Shortlisted for the 2017 Christian Gauss Award
By David Madden
What would you expect of a Jewish Bronx hoodlum who grew up to write fifty distinguished works of fiction and nonfiction? Bitter Bronx? Well, yes, but surely not I Am Abraham, one of the finest novels about Lincoln. But there you are. Certainly not The Secret Life of Emily Dickinson: A Novel. But you can buy it. Above all, you would not expect one of the most distinctively different critical works on Emily Dickinson.
Jerome Charyn’s A Loaded Gun: Emily Dickinson for the 21st Century is the scholarly equivalent of breaking and entering. Better still, full of quotations from her poetry, quotations from scholarly studies, and the author’s insights, it is like an interactive website.
He delineates ways in which Emily is many people. He delves into the issue of whether Emily was bisexual, her sister-in-law Sue being her greatest love. Providing supportive biographical anecdotes and lines of her poetry, he alludes to the many terms scholars apply to her: an innocent in white, a huntress and predator, a split personality, a prisoner, queen recluse, a performance artist, a kangaroo, a monster, a mermaid, a consumptive, an agoraphobic, a red-haired madwoman, a volcano, and her own description of her life: “My life had stood—a loaded gun.” Charyn’s subtitle suggests the modernity of a poet who “feels more contemporary than we are.” In life and art, she was an experimenter. Given her general witchery, “Cotton Mather would have burned her at the stake,” said poet-critic Allen Tate.
With unusual liveliness, Charyn describes the insights into the mysteries of the poet’s life and works of a plethora of Dickinson scholars, including Joyce Carol Oates, ending often with “I am not convinced,” then tells why not, and states his own, usually daring, audacious, fresh insights. His chapter on Emily’s “daemon dog” Carlo is his own distinctive contribution to the critical record. Even his profiles of scholars who are obsessed with Emily are fascinating, memorable.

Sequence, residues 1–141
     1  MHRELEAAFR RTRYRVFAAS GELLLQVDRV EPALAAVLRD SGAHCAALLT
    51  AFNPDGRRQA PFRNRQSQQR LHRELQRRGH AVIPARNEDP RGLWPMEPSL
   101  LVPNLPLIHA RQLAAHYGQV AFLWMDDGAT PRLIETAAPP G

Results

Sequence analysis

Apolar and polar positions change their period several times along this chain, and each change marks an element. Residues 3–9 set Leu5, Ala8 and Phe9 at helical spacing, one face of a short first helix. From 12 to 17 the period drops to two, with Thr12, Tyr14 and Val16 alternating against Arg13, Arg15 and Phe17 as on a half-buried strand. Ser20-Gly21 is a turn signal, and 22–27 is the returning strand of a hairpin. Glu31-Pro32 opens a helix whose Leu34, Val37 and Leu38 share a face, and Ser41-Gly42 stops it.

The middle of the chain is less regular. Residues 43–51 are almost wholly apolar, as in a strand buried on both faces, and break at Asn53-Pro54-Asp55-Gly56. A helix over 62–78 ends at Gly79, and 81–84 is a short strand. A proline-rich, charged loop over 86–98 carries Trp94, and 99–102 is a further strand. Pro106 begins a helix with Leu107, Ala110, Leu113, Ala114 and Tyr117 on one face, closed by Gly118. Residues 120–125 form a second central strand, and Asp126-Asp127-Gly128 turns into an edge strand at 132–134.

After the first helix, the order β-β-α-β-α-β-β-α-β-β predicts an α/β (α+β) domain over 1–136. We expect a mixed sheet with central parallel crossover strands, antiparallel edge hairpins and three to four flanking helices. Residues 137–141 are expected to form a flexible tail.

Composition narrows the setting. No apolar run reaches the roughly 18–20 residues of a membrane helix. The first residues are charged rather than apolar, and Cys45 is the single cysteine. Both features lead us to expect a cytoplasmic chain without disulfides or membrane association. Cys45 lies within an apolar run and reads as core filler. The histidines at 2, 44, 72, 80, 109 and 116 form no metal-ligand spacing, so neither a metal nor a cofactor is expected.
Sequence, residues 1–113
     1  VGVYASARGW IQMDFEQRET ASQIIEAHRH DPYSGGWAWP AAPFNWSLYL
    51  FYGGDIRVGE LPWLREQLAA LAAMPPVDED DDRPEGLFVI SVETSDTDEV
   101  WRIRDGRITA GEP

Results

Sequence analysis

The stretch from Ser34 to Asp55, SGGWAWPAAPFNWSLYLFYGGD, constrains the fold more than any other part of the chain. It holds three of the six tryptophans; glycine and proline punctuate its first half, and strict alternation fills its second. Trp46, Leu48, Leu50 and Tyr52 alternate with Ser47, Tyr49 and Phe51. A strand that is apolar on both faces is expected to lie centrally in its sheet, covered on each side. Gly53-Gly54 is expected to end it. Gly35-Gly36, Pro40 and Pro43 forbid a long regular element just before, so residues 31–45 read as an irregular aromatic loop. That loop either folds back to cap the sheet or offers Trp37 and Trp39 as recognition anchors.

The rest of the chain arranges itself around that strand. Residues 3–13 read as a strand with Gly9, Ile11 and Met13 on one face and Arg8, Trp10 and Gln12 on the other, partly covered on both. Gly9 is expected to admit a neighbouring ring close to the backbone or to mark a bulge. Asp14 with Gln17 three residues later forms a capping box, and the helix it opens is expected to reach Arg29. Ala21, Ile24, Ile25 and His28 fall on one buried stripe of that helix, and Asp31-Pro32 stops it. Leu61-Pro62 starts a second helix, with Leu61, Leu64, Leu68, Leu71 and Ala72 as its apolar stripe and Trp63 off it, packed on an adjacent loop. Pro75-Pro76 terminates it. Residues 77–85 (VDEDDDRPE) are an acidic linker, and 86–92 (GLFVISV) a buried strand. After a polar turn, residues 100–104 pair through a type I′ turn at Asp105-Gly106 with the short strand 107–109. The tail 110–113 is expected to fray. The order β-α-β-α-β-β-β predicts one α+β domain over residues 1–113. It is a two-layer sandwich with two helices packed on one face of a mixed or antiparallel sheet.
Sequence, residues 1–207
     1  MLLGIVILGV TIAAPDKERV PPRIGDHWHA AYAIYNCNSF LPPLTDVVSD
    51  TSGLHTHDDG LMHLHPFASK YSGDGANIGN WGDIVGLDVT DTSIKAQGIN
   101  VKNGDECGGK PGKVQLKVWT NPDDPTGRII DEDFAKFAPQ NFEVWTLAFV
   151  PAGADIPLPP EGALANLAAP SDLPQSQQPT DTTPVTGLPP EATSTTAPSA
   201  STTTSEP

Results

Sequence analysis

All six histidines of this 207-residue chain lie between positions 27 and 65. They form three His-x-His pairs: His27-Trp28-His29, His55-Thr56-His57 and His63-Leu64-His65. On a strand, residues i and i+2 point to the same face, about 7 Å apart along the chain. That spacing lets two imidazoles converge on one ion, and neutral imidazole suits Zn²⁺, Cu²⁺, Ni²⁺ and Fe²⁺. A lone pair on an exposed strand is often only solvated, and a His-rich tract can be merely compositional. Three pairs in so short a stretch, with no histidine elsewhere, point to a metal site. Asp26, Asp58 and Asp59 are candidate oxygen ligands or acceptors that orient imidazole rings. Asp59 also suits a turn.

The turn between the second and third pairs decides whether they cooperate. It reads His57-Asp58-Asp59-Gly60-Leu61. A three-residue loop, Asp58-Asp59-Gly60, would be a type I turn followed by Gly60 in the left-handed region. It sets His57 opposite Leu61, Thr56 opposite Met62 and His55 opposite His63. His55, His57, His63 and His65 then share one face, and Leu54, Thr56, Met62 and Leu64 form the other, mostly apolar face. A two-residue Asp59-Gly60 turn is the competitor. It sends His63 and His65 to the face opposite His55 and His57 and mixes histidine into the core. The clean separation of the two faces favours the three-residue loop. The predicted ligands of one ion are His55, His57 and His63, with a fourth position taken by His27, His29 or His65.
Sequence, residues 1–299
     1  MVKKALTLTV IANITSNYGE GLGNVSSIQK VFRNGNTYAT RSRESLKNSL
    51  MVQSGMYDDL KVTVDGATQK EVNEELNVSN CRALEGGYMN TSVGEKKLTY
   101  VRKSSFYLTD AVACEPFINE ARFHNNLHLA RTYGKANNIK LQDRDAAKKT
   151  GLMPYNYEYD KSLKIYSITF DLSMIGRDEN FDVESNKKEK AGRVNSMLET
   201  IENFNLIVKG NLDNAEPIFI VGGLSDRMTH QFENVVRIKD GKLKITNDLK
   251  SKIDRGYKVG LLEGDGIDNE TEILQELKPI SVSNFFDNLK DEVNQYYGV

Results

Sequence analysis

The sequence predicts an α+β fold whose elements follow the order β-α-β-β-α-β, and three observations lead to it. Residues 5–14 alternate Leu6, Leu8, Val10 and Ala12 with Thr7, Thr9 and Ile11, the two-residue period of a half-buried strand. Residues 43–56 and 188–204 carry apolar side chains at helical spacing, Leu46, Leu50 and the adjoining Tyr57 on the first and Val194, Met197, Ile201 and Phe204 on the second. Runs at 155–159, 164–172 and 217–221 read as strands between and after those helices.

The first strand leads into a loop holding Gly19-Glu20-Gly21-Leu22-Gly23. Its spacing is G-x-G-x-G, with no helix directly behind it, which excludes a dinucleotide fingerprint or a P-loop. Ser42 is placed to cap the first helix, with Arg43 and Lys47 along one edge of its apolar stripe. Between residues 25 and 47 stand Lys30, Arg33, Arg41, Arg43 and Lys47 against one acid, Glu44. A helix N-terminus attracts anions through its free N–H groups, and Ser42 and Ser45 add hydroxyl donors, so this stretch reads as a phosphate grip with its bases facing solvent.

All Emily’s relationships—with her father and her mother, her brother and her sister, her three women friends, her male admirers, including her publisher—were fraught with strange complications and conflicts that Charyn delineates.
This book provides unusual instances of Emily’s style, her sometimes violent, “whiplash language,” illuminating her use of dashes, her “zero at the bone imagery.” Her phrase “a woe of ecstasy” may best express her temperament.
Charyn’s line of thought zig-zags a little now and then. His style at times gets a little repetitive, contrived, and tiresome, but usually it is startling, inventive, and vibrant with expressive energy. “She was carrying bombs in her bosom.” Now and then, one may feel, probably without reproach, that what one experiences more than the many facets of Emily’s life and works is Charyn’s own myriad mind and imagination.
One way to take on this short book is to read it before, or during, or after a 4 o’clock martini or a swig or two of moonshine.
David Madden’s (ΦBK, University of Tennessee, 1979) latest book is Marble Goddesses and Mortal Flesh, four novellas. He has just finished My Creative Life in the Army, A Memoir and a memoir of his mother.